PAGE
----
It is expected that PR2Y8/CRLF2 positive clones contribute to disease progression. However, in children it has been found heterogeneity in PR2Y8/CRLF2 clone sizes, and no participation in relapses if the size is very small at diagnosis. In part, these may be the basis of the controversies about the prognostic value of this rearrangement and the over-expression of CRLF2 as risk markers. A revision of these parameters should be done.


T-lymphoblastic leukemia/lymphoma (T-ALL)


: It has been reported CRLF2 over-expression in T-ALL patients: however, PR2Y8/CRLF2 has not been found in these cases. Deregulation of CRLF2 in this entity is considered a poor prognosis marker (Palmi et al., 2016).


Atlas Image
FISH in interphases with the PR2Y8/CRLF2 (PAR 1) deletion probe (Cytocell Aquarius) on a bone marrow sample of a female patient with Down syndrome. A) The expected two normal signals (red/green): B) One normal signal (red/green) and one corresponding to the PAR1 deletion (green with white arrow). C) One normal signal (red/green) and two abnormal signals (green with white arrows) which indicate the presence of two X chromosomes with the PAR1 deletion.

Genes Involved and Proteins

Gene name
CRLF2 (cytokine receptor-like factor 2)
It is located at the PAR1 of chromosome X, Xp22.33, and chromosome Y, Yp11.
Other names and symbols: Thymic Stromal Lymphopoietin Protein Receptor, TSLP Receptor, IL-XR, TSLPR, CRL2, Thymic Stromal-Derived Lymphopoietin Receptor, Cytokine Receptor-Like 2. , Other names and symbols: purinergic receptor P2Y, G-protein coupled, 8, P2Y8, G-protein coupled purinergic receptor P2Y8, P2Y purinoceptor 8.
Dna rna description
The genomic location of CRLF2 gene in chromosome X starts in 1,187, 549 bp from pter, and ends in 1, 212, 815 bp from pter. The size is 25, 267 bases, with minus strand orientation NC_018934.
Atlas Image
Chromosomal location of the CRLF2 gene.
Protein description
The cytokine receptor-like factor 2 has a size of 371 amino acids, with a molecular mass of 42013 Daltons. Cytokine receptor-like factor 2 is a transmembrane protein with an extracellular domain of 210 residues, and an intracellular domain of 119 residues (Zhang et al., 2001). CRLF2 heterodimerizes with IL7R constituting a functional receptor (Rochman et al., 2010; Bugarin C et al., 2015).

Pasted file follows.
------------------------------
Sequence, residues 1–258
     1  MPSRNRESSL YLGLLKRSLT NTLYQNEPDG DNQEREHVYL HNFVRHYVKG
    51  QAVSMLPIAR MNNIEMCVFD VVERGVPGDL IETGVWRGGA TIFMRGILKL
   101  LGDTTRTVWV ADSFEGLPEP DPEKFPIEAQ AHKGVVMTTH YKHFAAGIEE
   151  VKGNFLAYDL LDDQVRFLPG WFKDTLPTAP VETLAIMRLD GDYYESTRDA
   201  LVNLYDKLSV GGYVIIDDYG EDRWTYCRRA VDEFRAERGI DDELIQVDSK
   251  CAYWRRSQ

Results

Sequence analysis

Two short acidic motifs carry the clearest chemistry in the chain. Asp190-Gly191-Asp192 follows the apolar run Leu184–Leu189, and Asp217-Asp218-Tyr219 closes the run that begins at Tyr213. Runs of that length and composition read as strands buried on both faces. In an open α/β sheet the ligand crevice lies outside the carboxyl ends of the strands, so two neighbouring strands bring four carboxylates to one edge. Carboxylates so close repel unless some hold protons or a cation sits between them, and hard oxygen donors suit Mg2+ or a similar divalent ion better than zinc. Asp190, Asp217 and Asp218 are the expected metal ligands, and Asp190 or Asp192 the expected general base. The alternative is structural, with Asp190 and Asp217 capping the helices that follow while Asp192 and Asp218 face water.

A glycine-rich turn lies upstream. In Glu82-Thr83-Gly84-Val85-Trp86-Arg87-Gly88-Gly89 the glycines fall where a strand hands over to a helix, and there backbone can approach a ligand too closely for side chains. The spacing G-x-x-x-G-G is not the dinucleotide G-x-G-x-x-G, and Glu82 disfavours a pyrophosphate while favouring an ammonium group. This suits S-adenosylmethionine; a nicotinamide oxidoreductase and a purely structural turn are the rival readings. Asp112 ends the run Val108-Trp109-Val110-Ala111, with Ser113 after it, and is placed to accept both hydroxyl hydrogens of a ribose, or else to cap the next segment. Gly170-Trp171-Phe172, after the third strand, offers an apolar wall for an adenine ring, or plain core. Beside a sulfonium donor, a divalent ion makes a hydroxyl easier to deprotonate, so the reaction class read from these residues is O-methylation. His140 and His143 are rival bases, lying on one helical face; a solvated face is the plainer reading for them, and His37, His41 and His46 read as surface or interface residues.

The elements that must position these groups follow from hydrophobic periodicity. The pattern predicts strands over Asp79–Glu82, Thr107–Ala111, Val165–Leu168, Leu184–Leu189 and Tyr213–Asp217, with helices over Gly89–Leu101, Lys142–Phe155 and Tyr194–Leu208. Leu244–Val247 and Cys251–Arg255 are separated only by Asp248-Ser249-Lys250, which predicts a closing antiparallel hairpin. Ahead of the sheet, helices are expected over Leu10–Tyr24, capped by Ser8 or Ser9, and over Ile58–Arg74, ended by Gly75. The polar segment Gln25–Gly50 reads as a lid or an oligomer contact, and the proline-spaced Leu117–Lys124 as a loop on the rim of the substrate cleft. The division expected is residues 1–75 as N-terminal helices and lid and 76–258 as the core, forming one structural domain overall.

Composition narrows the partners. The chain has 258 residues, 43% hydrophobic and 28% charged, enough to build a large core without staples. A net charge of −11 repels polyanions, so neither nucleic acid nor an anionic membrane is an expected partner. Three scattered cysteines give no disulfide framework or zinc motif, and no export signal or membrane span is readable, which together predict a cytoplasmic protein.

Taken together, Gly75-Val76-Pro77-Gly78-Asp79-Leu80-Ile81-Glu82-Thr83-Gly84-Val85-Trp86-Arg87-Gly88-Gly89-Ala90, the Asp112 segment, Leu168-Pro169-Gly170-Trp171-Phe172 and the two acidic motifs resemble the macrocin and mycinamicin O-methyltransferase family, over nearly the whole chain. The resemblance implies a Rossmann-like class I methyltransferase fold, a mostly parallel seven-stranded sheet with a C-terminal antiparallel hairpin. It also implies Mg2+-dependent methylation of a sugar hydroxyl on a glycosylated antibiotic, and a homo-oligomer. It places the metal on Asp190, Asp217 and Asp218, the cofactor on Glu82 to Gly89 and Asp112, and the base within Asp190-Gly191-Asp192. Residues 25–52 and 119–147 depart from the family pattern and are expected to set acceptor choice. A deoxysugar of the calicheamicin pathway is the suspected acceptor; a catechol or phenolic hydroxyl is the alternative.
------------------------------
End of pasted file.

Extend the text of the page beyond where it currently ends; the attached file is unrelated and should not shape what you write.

Somatic mutations
The CRLF2 711T>G (Phe232Cys) mutation has been found in ALL blasts. The CRLF2 Phe232 residue is near to the junction of the extracellular and transmembrane domains. The Phe232Cys mutation confers a constitutive dimerization through the cysteine residues inducing the growth of cells. This mutation also promotes the up-regulation of transcriptional targets downstream of the JAK/STAT pathway (Yoda et al., 2010).
Gene name
P2RY8 (purinergic receptor P2Y, G-protein coupled, 8)
P2RY8 is located at the pseudoautosomal region 1 (PAR1) of chromosome X, Xp22.33 and chromosome Y, Yp11.
Dna rna description
The genomic location of P2RY8 gene in chromosome X starts in 1,462, 572 bp from pter and ends in 1,537,506 bp from pter. The size is 74,935 bases, with minus strand orientation NC_000023.
Atlas Image
Chromosomal location of the P2RY8 gene.
Protein description
The P2Y purinoceptor 8 protein has a size of 359 amino acids, with a molecular mass of 40635 Daltons.

Result of the Chromosomal Anomaly


The PR2Y8/CRLF2 rearrangement results from an interstitial microdeletion involving the PAR1, which is located in the short arm of both sex chromosomes. This deletion causes the CRLF2 overexpression through the juxtaposition of the entire coding sequence of CRLF2 with the first non-coding exon of P2RY8, and their transcriptional control elements that are highly active in lymphoid cells (Morak et al., 2016; Vesely et al., 2016; Ensor et al; 2016; Mullighan et al; 2009).
Atlas Image
The PAR1 deletion results in the PR2Y8/CRLF2 rearrangement.


The PAR1 deletion measures approximately 320 Kb and deletes the complete coding sequence of P2RY8 along with ASMTL , SLC25A6, IL3RA and CSF2RA genes, bringing together the first exon of P2RY8 to exon 1 of CRLF2. The breakpoints of the deletion are highly conserved and are located 3.4 Kb upstream of the CRLF2 exon 1 and 0.3-1 Kb distal to P2RY8 exon 1 (Mullighan et al., 2009). Two new alternative breakpoints have been described, 2.1 Kb and 0.1 Kb upstream of CRLF2 exon 1, but in all cases the deletion place the full CRLF2 open reading frame under transcriptional control of the P2RY8 promoter (Morak et al., 2016). The presence of recombination signal sequences immediately internal to the deletion breakpoints suggests that the PAR1 deletion may arise as a result of aberrant activity of the RAG recombinases, this phenomenon has been described for other chromosomal rearrangements in B- ALL (Mullighan et al; 2009).